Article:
In beginner scheme how do I consume and combine two lists?

I'm trying to figure out a question that takes a list of first names and a list of last name and create a new list of email addresses with the first letter of the first name and up to 7 letters of the last name and @yahoo.com.

example: (check-expect(emails-list (list "John" "Sarah")(list "King" "Dickinson")) (list "jking@yahoo.com" "sdickins@yahoo.com"))

(check-expect(emails-list empty empty) empty)

So far I have:

``````(define (appendnames alof alos)
(cond [(and (empty? alof) (empty? alos)) empty]
[else (string-append
(substring (first alof) 0 1)
(cond [(< (string-length (first alos)) 8) (first alos)]
[else (substring (first alos) 0 7)])
"@yahoo.com")]))

(define (emails-list alof alos)
(cond [(and (empty? alof) (empty? alos)) empty]
[else (appendnames alof alos)]))
``````

What I don't know how to do is how to make the first letters lowercase and where to put in the recursion so that appendnames will (appendnames (rest alof) (rest alos)). Thanks so much for any help I can get!

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How much can you use, of Racket's built-in procedures? for example - is it OK to use `map`? or `sequence-map`? or the answer must be in terms of basic procedures (student level)? –  Óscar López Mar 18 '13 at 22:06
I am using beginner scheme with list abbreviations and have not learned map yet unfortunately. –  James Lalonde Mar 18 '13 at 22:13

Well, this looks like homework so I'll give you some hints, it'll be much better if you try to solve the problem by your own means. The first thing is - split the problem in two parts to make it simpler:

``````(define (emails-list alof alos)
(if <???>                              ; if any of the lists is empty
<???>                              ; return the empty list
(cons (make-email <???> <???>)     ; create a new email with current values
(emails-list <???> <???>)))) ; and advance the recursion
``````

The interesting part of course, will be creating the actual email. Refer to the character and string procedures available, here's the general idea:

``````(define (make-email name surname)
(<???>                    ; convert the whole string to lowercase
(<???>                   ; append the three parts of the email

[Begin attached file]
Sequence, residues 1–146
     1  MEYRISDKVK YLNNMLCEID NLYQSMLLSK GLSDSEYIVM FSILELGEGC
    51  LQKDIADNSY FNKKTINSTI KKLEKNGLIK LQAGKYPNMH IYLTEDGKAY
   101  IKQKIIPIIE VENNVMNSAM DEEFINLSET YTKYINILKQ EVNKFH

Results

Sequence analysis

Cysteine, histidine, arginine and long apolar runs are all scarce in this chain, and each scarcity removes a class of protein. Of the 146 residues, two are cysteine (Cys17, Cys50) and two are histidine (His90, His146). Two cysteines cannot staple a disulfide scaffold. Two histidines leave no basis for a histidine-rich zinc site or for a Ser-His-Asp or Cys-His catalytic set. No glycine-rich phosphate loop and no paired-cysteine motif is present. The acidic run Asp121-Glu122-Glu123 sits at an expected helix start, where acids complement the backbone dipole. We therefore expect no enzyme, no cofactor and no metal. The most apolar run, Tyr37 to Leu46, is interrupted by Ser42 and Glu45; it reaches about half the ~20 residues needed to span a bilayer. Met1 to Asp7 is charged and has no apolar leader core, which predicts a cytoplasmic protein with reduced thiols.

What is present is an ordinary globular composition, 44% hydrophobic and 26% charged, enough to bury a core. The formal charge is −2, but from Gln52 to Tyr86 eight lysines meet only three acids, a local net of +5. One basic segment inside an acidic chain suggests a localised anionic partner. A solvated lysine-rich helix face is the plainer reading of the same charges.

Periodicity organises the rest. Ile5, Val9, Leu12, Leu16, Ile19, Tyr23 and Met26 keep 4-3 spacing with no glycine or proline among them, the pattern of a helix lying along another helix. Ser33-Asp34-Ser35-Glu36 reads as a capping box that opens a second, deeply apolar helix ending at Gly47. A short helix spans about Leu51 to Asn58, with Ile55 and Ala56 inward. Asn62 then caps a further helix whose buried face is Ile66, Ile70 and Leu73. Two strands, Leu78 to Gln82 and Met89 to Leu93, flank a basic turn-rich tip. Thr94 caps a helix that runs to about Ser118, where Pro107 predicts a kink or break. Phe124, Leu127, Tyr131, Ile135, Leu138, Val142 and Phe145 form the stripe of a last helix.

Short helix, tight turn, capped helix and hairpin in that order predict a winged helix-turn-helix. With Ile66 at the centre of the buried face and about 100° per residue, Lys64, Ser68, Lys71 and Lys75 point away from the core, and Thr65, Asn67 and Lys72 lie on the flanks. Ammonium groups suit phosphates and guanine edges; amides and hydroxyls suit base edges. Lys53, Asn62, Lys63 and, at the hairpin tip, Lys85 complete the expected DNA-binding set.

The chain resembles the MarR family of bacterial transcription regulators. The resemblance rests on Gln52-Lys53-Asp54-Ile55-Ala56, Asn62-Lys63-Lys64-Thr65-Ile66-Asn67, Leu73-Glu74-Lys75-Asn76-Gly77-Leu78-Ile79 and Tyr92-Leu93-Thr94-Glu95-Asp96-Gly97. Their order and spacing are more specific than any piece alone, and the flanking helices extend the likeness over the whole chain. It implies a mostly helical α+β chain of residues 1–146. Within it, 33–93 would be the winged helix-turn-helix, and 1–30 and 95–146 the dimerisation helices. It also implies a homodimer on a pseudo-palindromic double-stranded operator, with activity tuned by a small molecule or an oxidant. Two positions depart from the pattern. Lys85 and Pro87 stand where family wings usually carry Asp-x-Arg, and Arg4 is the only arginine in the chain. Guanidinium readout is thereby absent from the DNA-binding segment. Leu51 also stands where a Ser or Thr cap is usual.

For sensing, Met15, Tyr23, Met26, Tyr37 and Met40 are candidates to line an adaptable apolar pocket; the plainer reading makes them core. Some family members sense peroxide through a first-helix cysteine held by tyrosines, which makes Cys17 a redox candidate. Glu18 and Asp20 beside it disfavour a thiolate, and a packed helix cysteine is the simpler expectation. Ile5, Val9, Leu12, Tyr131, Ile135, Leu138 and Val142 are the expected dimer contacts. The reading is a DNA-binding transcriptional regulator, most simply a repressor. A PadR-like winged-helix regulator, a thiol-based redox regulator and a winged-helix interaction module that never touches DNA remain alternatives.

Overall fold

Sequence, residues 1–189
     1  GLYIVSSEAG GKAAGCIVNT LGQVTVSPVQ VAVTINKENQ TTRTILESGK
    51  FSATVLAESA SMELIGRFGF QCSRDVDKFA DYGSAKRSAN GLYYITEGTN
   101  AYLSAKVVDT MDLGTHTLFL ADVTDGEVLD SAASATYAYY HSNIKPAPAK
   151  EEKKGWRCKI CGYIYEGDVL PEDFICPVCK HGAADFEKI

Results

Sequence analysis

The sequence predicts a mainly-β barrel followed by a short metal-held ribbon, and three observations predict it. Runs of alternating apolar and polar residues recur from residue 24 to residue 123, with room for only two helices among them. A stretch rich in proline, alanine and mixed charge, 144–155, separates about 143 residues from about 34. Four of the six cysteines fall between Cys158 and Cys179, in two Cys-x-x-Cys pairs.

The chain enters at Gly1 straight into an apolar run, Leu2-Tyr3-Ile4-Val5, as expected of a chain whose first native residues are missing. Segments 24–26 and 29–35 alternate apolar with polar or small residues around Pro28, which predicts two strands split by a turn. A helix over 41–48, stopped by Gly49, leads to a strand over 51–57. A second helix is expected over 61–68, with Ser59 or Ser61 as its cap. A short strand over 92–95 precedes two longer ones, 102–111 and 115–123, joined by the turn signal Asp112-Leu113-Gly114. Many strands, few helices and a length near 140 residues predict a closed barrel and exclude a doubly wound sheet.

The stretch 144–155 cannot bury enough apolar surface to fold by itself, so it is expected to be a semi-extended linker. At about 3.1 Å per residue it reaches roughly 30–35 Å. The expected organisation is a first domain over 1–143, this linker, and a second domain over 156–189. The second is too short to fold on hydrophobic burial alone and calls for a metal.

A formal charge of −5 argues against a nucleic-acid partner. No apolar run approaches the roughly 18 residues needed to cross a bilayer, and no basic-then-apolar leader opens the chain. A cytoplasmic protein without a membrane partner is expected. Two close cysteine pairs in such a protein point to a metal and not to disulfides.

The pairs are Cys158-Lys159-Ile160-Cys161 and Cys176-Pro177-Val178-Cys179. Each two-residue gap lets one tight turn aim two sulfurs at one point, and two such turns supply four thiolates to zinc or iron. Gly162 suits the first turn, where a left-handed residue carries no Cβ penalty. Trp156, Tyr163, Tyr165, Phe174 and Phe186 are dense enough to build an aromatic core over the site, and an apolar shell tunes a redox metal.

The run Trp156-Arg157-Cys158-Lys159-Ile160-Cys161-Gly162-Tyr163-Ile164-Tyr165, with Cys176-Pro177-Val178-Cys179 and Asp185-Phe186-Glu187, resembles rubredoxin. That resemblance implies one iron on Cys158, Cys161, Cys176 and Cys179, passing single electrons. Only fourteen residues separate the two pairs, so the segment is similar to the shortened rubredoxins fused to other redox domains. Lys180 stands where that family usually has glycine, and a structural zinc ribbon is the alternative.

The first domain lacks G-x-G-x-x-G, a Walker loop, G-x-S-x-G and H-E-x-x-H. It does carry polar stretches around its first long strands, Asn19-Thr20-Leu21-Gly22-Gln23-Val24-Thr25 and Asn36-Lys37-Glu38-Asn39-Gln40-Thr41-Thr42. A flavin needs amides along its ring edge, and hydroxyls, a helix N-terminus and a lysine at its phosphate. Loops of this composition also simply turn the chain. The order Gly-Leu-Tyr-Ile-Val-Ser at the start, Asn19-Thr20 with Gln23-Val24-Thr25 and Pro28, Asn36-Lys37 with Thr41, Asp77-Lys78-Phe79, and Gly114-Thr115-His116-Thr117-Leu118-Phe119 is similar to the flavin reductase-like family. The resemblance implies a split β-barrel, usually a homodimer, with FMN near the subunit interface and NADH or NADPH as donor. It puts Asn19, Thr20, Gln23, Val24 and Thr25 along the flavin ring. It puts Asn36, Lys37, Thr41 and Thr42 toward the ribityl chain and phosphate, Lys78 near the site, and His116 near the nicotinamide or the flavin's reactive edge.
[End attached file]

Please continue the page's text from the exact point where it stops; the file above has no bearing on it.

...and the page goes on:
(string (<???> name 0)) ; create a new string with the frist char in name
<???>                   ; create a substring with last name (*)
"@yahoo.com")))         ; add the email domain
``````

The step marked with `(*)` requires a bit more explanation. Notice that we're interested in at most seven characters from the surname, which can be easily obtained with the `substring` procedure, as long as we remember that the end index is either 7 or the string's length, if the string's length is less than seven.

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What I don't understand is how to make the recursion as I have the code for making the first email but i don't know how or where to put in the recursion to make the rest of the emails. –  James Lalonde Mar 18 '13 at 22:25
@JamesLalonde look at the skeleton solution above: the recursion creates a new list, so we `cons` the newly created email with the recursive call over the rest of the list. It's the usual recipe for recurring and creating lists, you must have seen it in class and/or in your textbook –  Óscar López Mar 18 '13 at 22:27
I have finished all the code but I am still stuck on how to convert lower case letters. So far I have (define (make-email name surname) (cond [(<(string-length surname) 8)(string-append (substring name 0 1) surname "@uwaterloo.ca")] [else (string-append(substring name 0 1)(substring surname 0 7) "@uwaterloo.ca")])) –  James Lalonde Mar 18 '13 at 23:28
Hint: use `string-downcase` on the whole string for converting it. And watch it, the `(substring surname 0 7)` will fail if the surname has less than 7 characters! –  Óscar López Mar 18 '13 at 23:31
For the version of scheme I am using, string-downase is not defined and I would have to write it myself which I have trouble with. I have used a cond to make sure it takes in consideration words with less than 7 letters Thanks! –  James Lalonde Mar 19 '13 at 0:04

If you haven't already read it, you should read this chapter of HtDP, which explains how to design functions that take two complex inputs:

http://htdp.org/2003-09-26/Book/curriculum-Z-H-22.html

The HtDP chapter talks about three kinds of situations (or "cases") in which you need to process two complex arguments. Which situation matches the problem you're trying to solve?

How many `cond` clauses should you have? What are they? What do you have available to work with in the answer part of each clause? (In other words, what is the function's template?)

Once you get that far, it should be pretty easy to fill in the code. If you get stuck, use your concrete examples to help you.

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